Thursday, November 15, 2012

Driven Off the Road

Driver shortage threatens ability of carriers to provide adequate service.

The number of heavy-truck or tractor-trailer drivers employed in the U.S. fell 13.4 percent, or by 226,850, between 2007 and 2010, according to the latest data from the U.S. Bureau of Labor Statistics. About 42,000 truck drivers joined the payrolls last year, a 2.9 percent increase. However, that means almost 185,000 CDL-carrying truckers who earned a living on the road in 2007 have yet to return to the driver’s seat — just over twice the number of truckers in the estimated current 90,000-driver shortage.


For large truckload carriers, the annualized driver turnover rate shot past 100 percent in the second quarter, rising above that percentage figure for the first time in more than four years, according to the American Trucking Association. It’s not a milestone trucking companies will celebrate. A 100 percent turnover rate means truckload carriers need to replace the equivalent of their entire driver pool each year just to maintain employment and capacity at the same level.

At a 100 percent rate – and the actual number was higher – driver turnover can cost larger truckload companies hundreds of thousands if not millions of dollars a year. If recruiting one driver costs $5,000, on average, a company with 500 drivers would pay $2.5 million a year.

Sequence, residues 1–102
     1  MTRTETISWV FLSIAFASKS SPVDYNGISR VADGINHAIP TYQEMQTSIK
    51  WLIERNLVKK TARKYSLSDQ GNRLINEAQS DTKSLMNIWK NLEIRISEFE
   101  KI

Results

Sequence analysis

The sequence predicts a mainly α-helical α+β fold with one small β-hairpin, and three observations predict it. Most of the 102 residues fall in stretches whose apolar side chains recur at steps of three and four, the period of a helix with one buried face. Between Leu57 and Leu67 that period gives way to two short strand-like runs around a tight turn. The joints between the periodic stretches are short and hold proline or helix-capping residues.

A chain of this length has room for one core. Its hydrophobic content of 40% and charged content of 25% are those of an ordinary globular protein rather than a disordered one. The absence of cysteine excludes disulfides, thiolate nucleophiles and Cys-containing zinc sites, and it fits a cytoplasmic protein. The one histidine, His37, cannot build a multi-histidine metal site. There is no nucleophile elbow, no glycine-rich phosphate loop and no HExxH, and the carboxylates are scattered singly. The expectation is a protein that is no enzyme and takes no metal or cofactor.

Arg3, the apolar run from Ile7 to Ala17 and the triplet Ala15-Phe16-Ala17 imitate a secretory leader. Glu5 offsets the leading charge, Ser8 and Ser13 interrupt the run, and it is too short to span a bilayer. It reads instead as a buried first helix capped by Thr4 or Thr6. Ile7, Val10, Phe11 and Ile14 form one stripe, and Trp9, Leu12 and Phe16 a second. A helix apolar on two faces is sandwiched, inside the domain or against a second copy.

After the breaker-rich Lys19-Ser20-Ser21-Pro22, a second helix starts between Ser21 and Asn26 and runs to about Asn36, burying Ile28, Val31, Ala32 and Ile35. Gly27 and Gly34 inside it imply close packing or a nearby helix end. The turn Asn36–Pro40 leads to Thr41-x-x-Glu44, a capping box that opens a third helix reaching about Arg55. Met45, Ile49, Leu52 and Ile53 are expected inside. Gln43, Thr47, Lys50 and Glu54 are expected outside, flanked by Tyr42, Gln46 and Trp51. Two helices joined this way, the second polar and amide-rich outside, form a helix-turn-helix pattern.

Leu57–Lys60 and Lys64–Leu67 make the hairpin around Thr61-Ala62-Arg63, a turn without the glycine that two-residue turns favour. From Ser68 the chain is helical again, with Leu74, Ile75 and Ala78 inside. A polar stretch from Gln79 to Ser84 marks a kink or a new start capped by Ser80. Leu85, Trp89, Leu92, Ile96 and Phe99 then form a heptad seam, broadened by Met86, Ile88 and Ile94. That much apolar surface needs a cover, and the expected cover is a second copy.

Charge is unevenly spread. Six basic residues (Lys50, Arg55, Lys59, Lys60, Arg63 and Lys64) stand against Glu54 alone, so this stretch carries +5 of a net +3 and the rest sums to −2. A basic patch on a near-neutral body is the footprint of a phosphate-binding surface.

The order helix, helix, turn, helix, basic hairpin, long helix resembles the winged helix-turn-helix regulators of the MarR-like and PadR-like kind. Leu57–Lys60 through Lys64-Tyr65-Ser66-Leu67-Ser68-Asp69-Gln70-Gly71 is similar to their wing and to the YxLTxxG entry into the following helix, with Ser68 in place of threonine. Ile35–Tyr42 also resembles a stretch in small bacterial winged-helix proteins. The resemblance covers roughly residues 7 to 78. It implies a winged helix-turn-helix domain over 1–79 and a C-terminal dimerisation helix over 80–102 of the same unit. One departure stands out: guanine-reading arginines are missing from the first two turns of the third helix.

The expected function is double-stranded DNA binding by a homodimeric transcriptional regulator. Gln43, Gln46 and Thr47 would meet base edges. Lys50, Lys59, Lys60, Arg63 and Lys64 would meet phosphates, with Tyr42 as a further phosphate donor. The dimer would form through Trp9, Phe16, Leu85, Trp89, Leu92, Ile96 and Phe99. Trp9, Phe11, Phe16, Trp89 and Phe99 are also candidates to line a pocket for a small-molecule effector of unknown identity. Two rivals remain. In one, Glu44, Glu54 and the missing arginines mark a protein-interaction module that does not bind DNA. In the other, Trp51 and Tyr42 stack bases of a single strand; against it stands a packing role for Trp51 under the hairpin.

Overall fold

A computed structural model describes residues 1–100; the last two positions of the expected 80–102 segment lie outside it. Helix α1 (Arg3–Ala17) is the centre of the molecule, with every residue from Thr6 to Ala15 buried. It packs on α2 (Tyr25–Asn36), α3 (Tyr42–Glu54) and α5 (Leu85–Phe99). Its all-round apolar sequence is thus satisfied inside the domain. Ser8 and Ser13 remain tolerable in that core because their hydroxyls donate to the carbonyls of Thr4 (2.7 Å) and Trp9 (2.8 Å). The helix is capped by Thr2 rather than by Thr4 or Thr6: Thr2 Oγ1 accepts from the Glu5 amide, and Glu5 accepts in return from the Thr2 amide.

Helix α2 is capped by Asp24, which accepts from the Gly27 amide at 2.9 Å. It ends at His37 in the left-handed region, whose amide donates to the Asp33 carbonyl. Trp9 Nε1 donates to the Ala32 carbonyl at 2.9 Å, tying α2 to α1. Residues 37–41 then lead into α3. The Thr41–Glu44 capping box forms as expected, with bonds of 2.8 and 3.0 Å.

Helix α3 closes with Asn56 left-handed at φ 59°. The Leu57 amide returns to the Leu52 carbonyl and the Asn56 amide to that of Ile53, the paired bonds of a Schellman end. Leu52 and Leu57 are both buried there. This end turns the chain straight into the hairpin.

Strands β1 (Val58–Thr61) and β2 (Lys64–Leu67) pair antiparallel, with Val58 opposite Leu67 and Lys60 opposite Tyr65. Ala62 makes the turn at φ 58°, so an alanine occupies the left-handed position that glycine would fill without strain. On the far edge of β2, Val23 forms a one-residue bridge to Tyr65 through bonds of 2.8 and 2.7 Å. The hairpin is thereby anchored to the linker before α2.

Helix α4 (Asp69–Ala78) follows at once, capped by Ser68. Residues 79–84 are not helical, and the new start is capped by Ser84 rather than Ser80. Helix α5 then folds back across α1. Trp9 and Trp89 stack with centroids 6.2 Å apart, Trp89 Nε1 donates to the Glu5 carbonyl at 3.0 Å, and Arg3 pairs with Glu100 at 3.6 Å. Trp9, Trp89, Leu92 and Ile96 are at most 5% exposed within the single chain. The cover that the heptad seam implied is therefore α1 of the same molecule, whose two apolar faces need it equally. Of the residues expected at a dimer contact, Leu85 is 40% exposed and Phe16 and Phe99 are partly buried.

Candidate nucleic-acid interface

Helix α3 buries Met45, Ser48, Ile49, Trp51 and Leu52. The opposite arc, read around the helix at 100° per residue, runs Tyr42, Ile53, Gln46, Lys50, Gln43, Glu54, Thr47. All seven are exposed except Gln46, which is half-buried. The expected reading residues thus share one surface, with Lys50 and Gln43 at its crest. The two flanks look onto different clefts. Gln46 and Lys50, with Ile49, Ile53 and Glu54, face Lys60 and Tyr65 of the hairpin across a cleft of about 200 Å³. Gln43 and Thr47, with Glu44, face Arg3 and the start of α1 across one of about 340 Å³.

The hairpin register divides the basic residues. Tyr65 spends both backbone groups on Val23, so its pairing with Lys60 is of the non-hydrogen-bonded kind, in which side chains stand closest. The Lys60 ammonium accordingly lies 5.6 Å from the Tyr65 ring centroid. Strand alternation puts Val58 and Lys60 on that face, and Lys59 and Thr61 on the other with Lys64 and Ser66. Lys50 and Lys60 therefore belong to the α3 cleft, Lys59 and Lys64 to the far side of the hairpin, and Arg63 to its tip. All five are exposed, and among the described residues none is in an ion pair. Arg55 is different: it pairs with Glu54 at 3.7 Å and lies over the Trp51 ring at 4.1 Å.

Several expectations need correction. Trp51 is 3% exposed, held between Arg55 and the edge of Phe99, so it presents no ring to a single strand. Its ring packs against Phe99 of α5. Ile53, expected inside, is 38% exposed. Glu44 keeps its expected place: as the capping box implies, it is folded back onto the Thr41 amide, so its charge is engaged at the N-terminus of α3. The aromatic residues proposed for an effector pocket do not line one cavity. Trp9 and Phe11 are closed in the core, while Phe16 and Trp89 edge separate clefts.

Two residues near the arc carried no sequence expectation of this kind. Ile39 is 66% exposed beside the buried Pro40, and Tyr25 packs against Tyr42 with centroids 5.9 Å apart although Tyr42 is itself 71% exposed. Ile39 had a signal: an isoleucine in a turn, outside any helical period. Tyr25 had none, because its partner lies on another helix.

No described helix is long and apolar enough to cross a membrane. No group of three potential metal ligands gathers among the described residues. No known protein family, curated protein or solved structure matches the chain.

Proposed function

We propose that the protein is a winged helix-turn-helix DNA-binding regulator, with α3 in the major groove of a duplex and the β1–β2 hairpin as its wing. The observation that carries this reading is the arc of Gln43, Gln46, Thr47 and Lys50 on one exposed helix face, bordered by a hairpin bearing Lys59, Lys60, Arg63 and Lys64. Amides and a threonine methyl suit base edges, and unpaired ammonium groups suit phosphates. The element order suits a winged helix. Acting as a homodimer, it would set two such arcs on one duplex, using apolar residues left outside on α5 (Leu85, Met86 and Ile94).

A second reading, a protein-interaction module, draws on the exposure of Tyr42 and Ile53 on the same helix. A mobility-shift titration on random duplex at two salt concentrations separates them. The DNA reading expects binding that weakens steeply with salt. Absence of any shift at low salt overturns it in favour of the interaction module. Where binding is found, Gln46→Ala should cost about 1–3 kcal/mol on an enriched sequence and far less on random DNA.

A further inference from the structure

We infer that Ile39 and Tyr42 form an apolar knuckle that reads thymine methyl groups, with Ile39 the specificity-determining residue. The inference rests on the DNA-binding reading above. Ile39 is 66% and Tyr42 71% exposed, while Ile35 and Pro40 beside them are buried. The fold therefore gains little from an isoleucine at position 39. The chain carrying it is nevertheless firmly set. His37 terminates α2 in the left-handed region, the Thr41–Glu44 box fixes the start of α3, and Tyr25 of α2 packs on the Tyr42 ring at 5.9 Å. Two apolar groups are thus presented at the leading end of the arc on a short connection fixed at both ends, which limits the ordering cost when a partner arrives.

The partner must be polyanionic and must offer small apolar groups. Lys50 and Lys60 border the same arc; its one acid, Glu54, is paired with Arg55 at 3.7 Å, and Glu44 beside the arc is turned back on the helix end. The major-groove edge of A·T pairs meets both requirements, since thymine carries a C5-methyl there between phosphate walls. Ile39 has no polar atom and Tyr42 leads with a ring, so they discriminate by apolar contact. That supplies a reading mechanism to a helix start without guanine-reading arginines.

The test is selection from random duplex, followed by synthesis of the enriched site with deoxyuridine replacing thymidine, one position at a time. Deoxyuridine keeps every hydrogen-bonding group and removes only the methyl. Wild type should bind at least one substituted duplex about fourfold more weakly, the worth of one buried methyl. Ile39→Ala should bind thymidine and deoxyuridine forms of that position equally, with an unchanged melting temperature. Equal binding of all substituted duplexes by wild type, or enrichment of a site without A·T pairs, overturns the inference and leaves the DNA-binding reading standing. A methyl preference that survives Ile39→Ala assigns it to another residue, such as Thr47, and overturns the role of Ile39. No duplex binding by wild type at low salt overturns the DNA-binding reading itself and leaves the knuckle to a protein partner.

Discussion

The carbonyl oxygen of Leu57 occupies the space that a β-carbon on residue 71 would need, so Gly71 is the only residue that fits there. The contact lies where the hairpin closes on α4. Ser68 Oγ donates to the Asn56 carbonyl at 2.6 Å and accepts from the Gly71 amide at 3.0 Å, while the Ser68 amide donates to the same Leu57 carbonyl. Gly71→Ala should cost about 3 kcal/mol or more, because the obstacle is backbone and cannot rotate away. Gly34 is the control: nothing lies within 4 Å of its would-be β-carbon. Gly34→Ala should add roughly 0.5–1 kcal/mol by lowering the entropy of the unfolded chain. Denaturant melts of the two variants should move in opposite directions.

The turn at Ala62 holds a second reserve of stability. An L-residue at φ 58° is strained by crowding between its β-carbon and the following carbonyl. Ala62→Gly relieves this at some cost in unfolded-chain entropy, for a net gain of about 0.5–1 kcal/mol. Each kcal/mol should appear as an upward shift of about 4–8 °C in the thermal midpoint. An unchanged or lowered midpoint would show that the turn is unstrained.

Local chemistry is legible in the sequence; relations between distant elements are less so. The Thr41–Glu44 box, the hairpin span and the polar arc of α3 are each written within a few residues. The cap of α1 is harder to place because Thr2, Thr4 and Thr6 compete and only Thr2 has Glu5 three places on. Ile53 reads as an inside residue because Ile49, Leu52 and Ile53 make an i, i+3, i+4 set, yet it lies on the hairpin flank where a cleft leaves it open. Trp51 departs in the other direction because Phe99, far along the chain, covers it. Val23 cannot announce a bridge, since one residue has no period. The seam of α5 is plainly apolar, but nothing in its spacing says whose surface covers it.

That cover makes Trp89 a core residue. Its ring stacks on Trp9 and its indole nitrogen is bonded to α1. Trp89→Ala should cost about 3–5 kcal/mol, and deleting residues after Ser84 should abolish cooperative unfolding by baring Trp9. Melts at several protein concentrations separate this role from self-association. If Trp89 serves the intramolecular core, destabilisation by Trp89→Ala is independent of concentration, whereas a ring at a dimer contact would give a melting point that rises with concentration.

Equipment, also, has been sharply reduced since the economic downturn. The recession reportedly cut away as much as 20 percent of available truckload capacity. And although no large LTL carrier closed its doors during the recession, the three largest LTL carriers — FedEx Freight, Con-way Freight and YRC Freight — closed the equivalent of a large rival carrier in terms of terminals.

Recently, some loosening has appeared in what has been a very tight market for over the road shipping. Truck capacity, which has been so tight since the recession that it’s occasionally threatened to choke supply chains, is easing up heading into November and the peak pre-holiday shipping season.

But having trucks available doesn’t help if there are no drivers to run them.

Kirk Shearer
President
TOTALogistix
www.totalogistix.com
800-989-0054 x103





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